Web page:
The speech itself received criticisms, not only for the proposals outlined, but also for the language used. For example, in correspondence with Wavell before the summit, Gandhi outlined his strong objections to the term ‘Caste Hindus’ and further noted that the broadcast ‘seemed rigorously to exclude the use of the word independence. Accordingly it seems to me to demand revision to bring it in line with modern Indian thought’ (Menon, 1998, 185). A further problem, however, concerns the topical nature of this news material. On the day (29 June) that Indian News Parade 120 was released to cinemas – fifteen days after Wavell had delivered his speech – the conference was adjourned after a further breakdown in talks. While the conference did not officially end until 14 July, viewers, and in particular critics of the colonial administration, were already aware that the optimism and proposals outlined by Wavell had been largely rejected.

The remaining two items both depict war celebrations and ceremonies. The first shows Naik Gian Singh, a recipient of the Victoria Cross, whose reception is described as a ‘tribute not only to the Sikh hero, but to the gallant Indian army’. The last item shows the commanders honoured, but again highlights the Indian war effort through the men of the ‘famous Eighth Indian division’. The commentator states that ‘the toughest of assignments was never too tough to the men of the Eighth’, but this item shows troops from a variety of countries honoured, so that the Indian achievements are positioned here within the context of the broader Allied effort.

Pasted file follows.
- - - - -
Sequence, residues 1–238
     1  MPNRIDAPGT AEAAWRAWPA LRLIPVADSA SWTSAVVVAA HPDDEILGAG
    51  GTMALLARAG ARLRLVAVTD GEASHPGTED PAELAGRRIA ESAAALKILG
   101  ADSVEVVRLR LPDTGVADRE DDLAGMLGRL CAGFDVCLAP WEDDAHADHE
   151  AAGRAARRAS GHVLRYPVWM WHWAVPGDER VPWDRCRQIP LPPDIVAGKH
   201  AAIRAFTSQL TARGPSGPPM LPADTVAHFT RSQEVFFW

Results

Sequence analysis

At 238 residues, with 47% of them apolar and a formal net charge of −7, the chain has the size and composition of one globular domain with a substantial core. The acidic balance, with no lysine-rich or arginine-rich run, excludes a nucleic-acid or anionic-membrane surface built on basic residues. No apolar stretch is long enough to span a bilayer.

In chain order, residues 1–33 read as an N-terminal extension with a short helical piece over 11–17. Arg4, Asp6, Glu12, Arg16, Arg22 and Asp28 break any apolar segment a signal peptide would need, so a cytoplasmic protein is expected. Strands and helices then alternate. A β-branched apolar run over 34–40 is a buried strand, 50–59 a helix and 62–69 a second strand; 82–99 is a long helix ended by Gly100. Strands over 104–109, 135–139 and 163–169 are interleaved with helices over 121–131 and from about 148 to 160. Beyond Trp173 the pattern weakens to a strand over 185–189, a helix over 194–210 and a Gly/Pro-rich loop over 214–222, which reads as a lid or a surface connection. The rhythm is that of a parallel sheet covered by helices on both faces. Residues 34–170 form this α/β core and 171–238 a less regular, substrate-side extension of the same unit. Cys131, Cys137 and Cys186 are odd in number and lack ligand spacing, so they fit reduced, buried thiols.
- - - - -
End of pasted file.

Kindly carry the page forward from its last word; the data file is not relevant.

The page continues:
Tom Rice (February 2009)


Works Cited

Bandyopadhyay, Sekhar, ‘Transfer of Power and the Crisis of Dalit Politics in India, 1945-47’, Modern Asian Studies, Volume 34, Number 4 (October 2000), 893-942.

Brendon, Piers, The Decline and Fall of the British Empire, 1781 – 1997 (London: Jonathan Cape, 2007).

Clarke, Peter, The Last Thousand Days of the British Empire: The Demise of a Superpower, 1944-1947 (London: Penguin, 2008).

Cowan, Jude, ‘”Women at Work for War… Women at Work for the things of Peace”: Representations of Women in the British Propaganda Newsreel in India in the Second World War, Indian News Parade’ (unpublished master’s thesis, Birkbeck College, University of London, 2001), accessed at Imperial War Museum.

Khan, Azizur Rahman and Vipin Pubby, Shimla Then and Now: Summer Capital of the Raj (New Delhi: Indus Publishing, 1996).

Menon, V.P., Transfer of Power in India (New Delhi: Orient Longman, 1957).

The Times, 15 June 1945, 4, 5, 8.

Wolpert, Stanley, Shameful Fight: The Last Years of the British Empire in India (Oxford: Oxford University Press, 2006).



  • INDIAN NEWS PARADE NO 120 (29/6/1945)
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Production Credits

Production Countries:
GB, India
Department of Information and Broadcasting, Government of India
Moylan, William J (FRGS, FRSA)
Moylan, William J (FRGS, FRSA)







Production Organisations